The knock at the door, oddly familiar and yet quite distinctly neither the cheerful rat-a-tat of Gillian Culver nor the orderly rap of Gertrude Ryder, came as a welcome break from the less interesting half of the morning’s post; letters from Madge and Hilda swiftly identified, opened, devoured, and laid carefully to one side to be answered once business proper had been attended to, Nell had promptly lost interest in her mail. Not for the first time, she wished she still had Hilda just next door: she could have sent for coffee and carried it through to her co-head, demanding that she, too, put down her boring work in favour of some much-needed distraction. Hilda would have given her that look and candidly informed her that she was not going to be diverted by Nell’s whims, but a smile would have crinkled the corners of her eyes nonetheless and she would, at least, not have sent Nell packing.
Hilda was not here, of course; but whoever it was, they still had to be more interesting than insurance papers and requests for prospectuses.
“Enter!” she called, hastily sweeping the untidy pile of correspondence to one side of her desk and straightening up in anticipation.
If anyone had asked her, afterwards, she would have said that she did not know who it could be – but that even so, she would certainly never have imagined it would have been Con. Years older, somewhat thinner, and with a hesitance Nell did not think she had seen in her before – but most definitely, unmistakeably Con.
“Well!” she remarked, for the entrance seemed to call for some remark at least.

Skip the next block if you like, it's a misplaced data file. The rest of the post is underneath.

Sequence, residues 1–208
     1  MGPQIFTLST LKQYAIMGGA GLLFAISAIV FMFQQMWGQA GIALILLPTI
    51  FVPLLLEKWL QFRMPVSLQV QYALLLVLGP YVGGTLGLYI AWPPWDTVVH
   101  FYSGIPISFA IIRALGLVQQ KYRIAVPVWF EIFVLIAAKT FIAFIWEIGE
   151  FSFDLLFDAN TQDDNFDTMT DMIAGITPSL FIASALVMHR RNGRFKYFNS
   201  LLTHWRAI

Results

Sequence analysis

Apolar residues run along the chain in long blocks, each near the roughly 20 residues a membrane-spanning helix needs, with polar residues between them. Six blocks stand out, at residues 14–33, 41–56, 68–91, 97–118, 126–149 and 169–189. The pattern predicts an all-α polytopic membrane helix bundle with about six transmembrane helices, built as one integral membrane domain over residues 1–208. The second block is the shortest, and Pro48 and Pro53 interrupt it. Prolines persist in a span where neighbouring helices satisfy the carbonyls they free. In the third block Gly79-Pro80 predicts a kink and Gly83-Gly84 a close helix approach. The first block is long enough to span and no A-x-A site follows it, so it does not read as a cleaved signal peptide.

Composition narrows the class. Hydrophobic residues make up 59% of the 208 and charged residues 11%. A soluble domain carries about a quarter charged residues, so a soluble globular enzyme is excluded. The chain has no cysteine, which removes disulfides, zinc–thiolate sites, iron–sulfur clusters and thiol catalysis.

“You look surprised,” her visitor observed in amused tones. The soft Highland tones induced a spasm of wistfulness; Nell had not expected ever to hear this voice again.
“Wouldn’t you be?” she retorted. “It’s thirteen years I haven’t heard from you in – and now here you come waltzing into my office without so much as a by-your-leave. You didn’t write. I don’t even know how you found out I was here...”
“Nally,” came the unperturbed reply. “I did think of wiring ahead – but by then I was already at Lausanne, and it seemed silly to bother at that late stage in proceedings.”
“I’m sure.” Nell murmured dryly, watching as Con unwrapped herself from her outer layers, hanging coat and scarf on the elegant coat-stand before seating herself comfortably in the chair nearest the door through which she had just entered. “I suppose I ought to ring for kaffee. So, er – to what do we owe the pleasure of this visit?”
Con seemed to begin and dismiss a series of explanations in her head, the words dying on her lips each time she opened her mouth. Nell made good her own suggestion and rang the little bell while she waited. The Swiss maid had arrived, been instructed and departed with a pretty curtsey before Con appeared to find the words she had been looking for.
“I had to see you. I’ve come to offer my services.” Her second sentence did not sound like one with which she had initially intended to follow her first; but it was this second sentence which seemed easier for Nell to reply to.
She frowned, pouring a generous helping of creamy milk into her coffee. “I do wish you’d written ahead, if that’s the case. I have my full complement of staff here already. I’m afraid I haven’t a vacancy.”
“You haven’t a history mistress.” Con pointed out.
“No, that’s true. But there’s no immediate need to have one – the curriculum doesn’t require it. The plan is to move the main school over here eventually. Then we shall have Biddy.” Con raised her eyebrows at this, and Nell nodded. “Oh yes, the very same. She can’t have been more than, what, fourteen the last you saw of her? But she’s grown into the young woman she showed every promise of being, during the rare intervals between her bouts of madness. Between you and me, I’m tremendously proud of our Biddy.”
Con paused to digest this thought, nostalgia chasing amusement and wonder across her expressive face, before her attention returned to the unexpectedly forthright matter at hand. “Hasn’t stopped you taking on Nally for now, has it? – when you’ve surely a younger Games specimen waiting in the wings.”
Nell laughed softly. “Peggy Burnett, as it happens – remember her? But it’s not PT I’ve taken Grace on for – she’s Musical Appreciation.”